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Govt should get pinged over its MRP sales process

If the government is serious about honouring the objectives around its reforms to the financial advisory sector then it needs to start walking the talk.

Friday, April 12th 2013, 8:22AM 5 Comments

by Philip Macalister

Almost daily I hear concerns within the industry around how banks are selling KiwiSaver to their customers.

Technically only AFAs can advise on KiwiSaver but banks continue to use non-AFA staff to get their customers to switch their KiwiSaver to their bank run scheme.

Advisers and managers constantly tell me about how they are losing clients. Last time I wrote about this the FMA complained about the posting and essentially said there is no problem.

The latest concerns are around the Mighty River Power sell-off. Putting the politics of the sale aside the whole process around what advice potential investors receive is a massive concern.

The government’s approach to making sure New Zealanders buy $2000 worth of shares is reckless and irresponsible from a personal finance point of view.

Most of the people who have pre-registered probably own no direct shares. Yet share investing is a complex business and the reality is to have a half decent portfolio investors should have a minimum of $50,000 or even $100,000 invested over at least half a dozen stocks.

To own just $2000 worth of shares in one company isn’t prudent.

Indeed if it was an Authorised Financial Adviser who did this I have no doubt the Financial Markets Authority would say that AFA beached the Code.

The government should be running a major publicity campain in conjunction with the MRP sell-off promoting AFAs and educating the public about AFAs and category one investment products.

I believe as part of the reforms a promise was made to do a public education campaign. It’s about time this started.

The government should ensure potential MRP investors have access to advice from AFAs. It is prepared to leave some money on the table for investors and it is prepared to “incentivise” the offer with the promise of bonus shares in the future. If it is prepared to spend money like that then it should subsidise some professional advice to investors.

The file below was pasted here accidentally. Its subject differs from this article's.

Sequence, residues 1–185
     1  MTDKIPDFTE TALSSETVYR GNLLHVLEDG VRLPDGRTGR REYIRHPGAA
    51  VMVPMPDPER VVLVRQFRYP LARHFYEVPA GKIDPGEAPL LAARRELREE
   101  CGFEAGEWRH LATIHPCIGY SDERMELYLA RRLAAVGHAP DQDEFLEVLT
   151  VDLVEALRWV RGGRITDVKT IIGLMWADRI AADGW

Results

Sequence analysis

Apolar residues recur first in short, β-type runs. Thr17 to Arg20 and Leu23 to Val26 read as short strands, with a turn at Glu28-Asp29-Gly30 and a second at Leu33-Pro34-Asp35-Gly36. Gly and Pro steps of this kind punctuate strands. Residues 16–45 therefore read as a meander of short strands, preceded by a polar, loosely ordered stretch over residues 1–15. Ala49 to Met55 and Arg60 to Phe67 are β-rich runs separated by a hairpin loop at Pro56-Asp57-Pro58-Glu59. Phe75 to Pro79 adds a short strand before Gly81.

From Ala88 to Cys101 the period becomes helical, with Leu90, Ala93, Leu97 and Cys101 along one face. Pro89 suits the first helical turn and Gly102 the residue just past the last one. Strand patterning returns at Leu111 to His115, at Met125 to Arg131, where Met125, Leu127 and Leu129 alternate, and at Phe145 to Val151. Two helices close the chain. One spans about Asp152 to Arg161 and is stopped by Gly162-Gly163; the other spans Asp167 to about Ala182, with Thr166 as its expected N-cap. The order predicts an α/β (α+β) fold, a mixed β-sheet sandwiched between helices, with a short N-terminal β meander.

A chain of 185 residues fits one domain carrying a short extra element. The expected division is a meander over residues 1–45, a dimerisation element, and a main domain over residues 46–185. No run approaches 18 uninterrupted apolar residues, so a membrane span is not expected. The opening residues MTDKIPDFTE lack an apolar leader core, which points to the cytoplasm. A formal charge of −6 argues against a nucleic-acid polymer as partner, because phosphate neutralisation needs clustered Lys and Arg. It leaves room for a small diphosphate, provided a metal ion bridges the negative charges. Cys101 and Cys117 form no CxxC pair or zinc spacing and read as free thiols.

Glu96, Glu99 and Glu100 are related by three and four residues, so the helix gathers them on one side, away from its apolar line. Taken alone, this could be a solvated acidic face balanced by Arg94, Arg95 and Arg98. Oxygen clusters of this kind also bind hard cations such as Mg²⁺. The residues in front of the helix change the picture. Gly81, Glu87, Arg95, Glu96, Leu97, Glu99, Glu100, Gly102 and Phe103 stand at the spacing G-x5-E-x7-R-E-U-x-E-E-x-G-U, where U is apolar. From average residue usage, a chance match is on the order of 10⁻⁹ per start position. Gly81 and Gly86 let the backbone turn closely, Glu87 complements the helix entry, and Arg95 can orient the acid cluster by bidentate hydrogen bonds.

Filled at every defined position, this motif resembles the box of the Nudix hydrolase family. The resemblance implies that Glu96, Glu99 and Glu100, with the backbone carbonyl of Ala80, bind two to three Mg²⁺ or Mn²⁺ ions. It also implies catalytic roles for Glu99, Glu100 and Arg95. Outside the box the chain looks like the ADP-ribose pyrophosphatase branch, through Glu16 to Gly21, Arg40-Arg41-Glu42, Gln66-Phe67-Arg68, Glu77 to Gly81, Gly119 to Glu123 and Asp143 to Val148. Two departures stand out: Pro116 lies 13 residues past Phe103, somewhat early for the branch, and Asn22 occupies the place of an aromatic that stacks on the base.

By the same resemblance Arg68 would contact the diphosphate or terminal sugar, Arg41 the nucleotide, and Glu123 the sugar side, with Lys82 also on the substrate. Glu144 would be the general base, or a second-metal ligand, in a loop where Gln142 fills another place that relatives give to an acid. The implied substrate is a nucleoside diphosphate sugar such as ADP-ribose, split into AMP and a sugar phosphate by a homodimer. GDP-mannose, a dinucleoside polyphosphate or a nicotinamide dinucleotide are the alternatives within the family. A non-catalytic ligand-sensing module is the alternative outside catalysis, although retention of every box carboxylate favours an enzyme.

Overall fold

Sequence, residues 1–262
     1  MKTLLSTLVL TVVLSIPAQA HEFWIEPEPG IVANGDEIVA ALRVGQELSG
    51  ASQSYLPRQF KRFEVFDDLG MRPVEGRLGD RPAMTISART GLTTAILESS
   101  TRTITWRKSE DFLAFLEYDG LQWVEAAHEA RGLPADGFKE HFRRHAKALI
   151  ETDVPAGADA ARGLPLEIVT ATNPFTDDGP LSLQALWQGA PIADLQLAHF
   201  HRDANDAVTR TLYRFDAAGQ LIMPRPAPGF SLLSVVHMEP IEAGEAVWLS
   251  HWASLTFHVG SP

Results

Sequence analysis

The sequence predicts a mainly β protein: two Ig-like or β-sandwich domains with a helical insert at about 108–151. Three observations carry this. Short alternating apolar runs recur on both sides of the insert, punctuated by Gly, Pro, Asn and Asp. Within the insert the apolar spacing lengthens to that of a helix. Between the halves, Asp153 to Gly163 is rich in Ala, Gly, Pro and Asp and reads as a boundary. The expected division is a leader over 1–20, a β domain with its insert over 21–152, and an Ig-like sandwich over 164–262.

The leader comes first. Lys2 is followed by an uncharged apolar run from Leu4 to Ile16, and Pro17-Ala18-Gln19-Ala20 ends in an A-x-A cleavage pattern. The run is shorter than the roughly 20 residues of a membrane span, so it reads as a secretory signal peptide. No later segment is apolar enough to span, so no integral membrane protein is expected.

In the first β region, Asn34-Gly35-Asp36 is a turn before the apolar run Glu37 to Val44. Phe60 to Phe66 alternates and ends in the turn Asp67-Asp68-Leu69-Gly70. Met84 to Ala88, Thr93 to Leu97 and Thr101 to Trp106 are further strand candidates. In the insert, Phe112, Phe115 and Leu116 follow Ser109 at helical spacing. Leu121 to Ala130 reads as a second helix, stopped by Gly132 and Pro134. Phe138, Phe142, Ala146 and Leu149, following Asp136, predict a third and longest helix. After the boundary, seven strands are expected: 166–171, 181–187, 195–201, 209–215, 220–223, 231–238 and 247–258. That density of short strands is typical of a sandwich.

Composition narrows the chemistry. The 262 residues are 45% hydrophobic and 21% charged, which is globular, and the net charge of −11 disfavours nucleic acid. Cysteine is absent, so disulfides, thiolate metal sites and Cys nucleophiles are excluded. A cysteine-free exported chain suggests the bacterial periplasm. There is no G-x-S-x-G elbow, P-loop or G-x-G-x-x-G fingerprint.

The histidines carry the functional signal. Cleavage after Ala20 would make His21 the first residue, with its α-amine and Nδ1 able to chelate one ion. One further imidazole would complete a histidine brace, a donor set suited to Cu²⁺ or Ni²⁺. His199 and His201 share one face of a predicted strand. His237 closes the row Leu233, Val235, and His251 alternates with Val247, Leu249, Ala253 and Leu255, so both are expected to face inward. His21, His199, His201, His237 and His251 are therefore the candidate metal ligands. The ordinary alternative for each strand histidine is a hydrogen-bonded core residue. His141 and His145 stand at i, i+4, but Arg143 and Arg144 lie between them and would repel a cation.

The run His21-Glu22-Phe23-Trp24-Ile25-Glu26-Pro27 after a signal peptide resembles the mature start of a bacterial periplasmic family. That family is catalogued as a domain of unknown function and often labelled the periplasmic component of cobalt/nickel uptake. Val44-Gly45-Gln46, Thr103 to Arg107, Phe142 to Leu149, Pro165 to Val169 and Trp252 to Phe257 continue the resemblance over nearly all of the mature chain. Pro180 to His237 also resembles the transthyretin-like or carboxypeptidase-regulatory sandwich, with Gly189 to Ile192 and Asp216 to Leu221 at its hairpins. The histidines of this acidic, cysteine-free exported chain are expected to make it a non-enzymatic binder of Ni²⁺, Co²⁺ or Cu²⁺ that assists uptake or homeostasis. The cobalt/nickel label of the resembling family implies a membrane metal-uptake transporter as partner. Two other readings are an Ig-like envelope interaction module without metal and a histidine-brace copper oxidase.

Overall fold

The way the current sell off is going the Government is acting more like Harvey Norman and its Buy a New TV ads and others who run loud ads in the papers encouraging consumers to spend their money. Or maybe it’s more like those Buy a set of steak knives TV  ads.

Whatever it is doing a disservice to New Zealanders and undermining the objectives of the financial adviser reforms.

« [Weekly Wrap] MRP process leaves a lot to be desiredIFA working on pro-bono offering »

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Comments from our readers

On 12 April 2013 at 8:51 am Independent Observer said:
Agree with your sentiments Phil.

IFA: what are your views on the topic? Have you approached the FMA / lobbied the government to express these?
On 12 April 2013 at 10:23 am Dirty Harry said:
So who are the cowboys now?
On 12 April 2013 at 11:16 am broker said:
Finally a real story...I think this is huge issue but everyone seems to be rather quiet on this until now...well done Phil..
On 12 April 2013 at 2:54 pm Non Investor said:
Phil
Another thought is that the Government's early full page ads said that they were considering making an offer of shares. This was untrue. They were clearly moving down a defined path. There was no "considering" involved. The FMA should ping them for false advertising.
On 12 April 2013 at 4:30 pm Jimbo said:
FMA - missing in action as usual.Lol

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